Lactobacilli use sugars to produce energy while excreting lactic acid and hydrogen peroxide (which are both acidic). This is actually what you’re testing when you do a vaginal pH test.

Lactobacilli are the same type of bacteria that turn milk into yoghurt (acidophilus). This might seem gross, but this is why you can make yoghurt out of healthy vaginal secretions!

Lactobacilli don’t create bad smells, though the sour smell of fresh natural yoghurt can make the mouth water.

Bacteria make all kinds of smells because they produce gases and byproducts as part of their lifecycle. Flatulence, for example, is a gas byproduct of our digestion, caused by bacteria.

Testing your vaginal pH at home quickly, cheaply and easily

You can test your vaginal pH quickly and easily at home with vaginal pH strips. You do not need fancy equipment or a doctor’s visit, but you do need good quality, reliable pH strips.

Ensure pH strips are in at least 0.5 increments to get a more accurate result.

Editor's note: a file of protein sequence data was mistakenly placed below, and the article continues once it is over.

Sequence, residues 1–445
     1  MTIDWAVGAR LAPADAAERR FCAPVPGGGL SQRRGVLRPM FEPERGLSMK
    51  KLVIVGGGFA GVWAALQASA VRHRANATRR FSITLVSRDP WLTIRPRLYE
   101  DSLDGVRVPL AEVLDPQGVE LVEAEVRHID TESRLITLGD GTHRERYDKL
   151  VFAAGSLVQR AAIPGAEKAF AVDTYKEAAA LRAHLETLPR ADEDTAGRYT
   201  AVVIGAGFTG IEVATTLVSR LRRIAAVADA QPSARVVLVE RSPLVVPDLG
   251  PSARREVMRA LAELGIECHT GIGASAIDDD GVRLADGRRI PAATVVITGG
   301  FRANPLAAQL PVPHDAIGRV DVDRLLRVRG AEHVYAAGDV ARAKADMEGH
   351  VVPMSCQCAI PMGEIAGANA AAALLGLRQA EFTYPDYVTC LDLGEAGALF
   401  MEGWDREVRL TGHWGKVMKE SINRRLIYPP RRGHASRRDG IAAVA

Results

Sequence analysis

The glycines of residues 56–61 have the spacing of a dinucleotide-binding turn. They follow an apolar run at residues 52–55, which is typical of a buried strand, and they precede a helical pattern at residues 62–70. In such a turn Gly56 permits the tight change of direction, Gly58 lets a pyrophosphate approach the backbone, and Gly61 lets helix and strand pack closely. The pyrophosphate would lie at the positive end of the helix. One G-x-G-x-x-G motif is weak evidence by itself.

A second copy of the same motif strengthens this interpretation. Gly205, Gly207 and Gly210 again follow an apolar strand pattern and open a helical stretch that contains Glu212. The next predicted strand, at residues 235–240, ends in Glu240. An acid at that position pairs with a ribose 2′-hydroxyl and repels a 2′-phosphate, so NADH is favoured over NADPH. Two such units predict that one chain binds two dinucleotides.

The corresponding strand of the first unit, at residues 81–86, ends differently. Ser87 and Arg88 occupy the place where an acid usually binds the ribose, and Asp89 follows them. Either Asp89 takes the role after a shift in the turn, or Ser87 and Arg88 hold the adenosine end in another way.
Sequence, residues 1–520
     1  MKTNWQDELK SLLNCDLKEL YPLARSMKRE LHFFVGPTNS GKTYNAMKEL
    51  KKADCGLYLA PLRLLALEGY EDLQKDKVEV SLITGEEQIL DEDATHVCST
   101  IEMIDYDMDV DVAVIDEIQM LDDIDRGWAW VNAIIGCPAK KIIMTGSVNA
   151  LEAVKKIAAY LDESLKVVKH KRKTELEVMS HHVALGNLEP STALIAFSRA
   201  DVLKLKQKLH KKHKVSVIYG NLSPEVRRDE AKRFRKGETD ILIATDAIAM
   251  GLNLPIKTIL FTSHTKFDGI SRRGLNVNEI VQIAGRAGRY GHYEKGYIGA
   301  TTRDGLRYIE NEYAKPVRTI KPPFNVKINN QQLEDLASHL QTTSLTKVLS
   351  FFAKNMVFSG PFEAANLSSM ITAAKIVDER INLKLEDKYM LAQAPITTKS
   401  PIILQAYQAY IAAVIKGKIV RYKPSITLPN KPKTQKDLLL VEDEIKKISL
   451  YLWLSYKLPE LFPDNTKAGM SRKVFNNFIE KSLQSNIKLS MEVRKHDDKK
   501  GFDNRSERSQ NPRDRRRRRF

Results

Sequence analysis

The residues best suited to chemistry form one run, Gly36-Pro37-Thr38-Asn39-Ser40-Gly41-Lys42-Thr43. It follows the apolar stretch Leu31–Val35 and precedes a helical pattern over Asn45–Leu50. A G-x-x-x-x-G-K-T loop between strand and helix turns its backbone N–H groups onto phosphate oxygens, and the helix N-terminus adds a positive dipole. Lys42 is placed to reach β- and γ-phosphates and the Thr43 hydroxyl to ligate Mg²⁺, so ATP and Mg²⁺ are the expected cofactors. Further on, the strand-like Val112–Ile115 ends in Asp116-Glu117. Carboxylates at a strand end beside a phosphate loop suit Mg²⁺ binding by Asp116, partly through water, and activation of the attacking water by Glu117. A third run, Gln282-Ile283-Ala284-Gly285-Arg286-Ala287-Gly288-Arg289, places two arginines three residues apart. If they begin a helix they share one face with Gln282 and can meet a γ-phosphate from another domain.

Good pH strips are extra important if you are trying to treat a vulvovaginal condition where pH is one of your indicators of a shift in vaginal flora.

You can push the pH strip into your vagina to collect the fluid, or use a finger to smear vaginal fluids across the strip, or use a cotton bud.

Don’t do vaginal pH testing when you have your period, as you will be unable to read the results.

The pH strip relies on you interpreting the colour it gives you, matching it to the key on the packet to determine pH.

Understanding your vaginal pH test results

To read the results, you need to match the colour that the pH strip turns to the coloured key on the pH strip packet.

Your pH strip colours may vary from the below colours, but check the numbers and colours of your pH tester kit for accurate results.

  • Normal vaginal pH is 3.5 – 4.5 if you still get periods/are ovulating
  • Bacterial vaginosis or aerobic vaginosis is usually above pH 4.5
  • There are some microbes that will cause symptoms but your pH may be normal, in which case aim for a comprehensive vaginal microbiome test to identify the microbes